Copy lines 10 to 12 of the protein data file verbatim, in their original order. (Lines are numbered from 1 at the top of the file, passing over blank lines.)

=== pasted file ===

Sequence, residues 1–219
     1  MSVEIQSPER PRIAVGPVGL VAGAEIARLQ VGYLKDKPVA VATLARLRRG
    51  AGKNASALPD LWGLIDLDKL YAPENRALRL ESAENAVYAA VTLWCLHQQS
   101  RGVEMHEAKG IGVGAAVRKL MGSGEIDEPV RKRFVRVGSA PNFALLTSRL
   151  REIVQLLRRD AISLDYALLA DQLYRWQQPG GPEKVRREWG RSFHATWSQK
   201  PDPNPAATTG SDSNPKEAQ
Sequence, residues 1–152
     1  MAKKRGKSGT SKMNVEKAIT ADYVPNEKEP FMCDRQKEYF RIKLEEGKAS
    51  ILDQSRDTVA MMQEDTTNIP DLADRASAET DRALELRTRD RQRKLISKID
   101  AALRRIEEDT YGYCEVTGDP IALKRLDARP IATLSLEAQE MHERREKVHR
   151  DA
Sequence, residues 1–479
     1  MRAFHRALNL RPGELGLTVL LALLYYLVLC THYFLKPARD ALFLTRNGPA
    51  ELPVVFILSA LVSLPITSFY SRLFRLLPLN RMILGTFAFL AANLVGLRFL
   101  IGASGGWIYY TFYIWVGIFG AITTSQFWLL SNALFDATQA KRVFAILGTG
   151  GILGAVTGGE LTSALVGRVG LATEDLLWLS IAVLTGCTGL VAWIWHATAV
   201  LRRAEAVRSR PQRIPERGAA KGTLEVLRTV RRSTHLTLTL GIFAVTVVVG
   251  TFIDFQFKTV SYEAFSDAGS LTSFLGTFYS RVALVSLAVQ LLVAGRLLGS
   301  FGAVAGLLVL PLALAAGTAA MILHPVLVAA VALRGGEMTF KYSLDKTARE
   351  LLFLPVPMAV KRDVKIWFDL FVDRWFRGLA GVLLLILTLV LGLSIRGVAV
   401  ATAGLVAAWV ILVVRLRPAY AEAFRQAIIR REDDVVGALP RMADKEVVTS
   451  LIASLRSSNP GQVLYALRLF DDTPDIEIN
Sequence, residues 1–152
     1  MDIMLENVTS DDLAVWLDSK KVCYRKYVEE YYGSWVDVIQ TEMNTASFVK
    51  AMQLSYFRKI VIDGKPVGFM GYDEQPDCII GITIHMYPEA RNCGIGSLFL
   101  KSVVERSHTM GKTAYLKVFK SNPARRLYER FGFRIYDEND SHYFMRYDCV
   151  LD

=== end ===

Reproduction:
   101  AALRRIEEDT YGYCEVTGDP IALKRLDARP IATLSLEAQE MHERREKVHR
   151  DA
Sequence, residues 1–479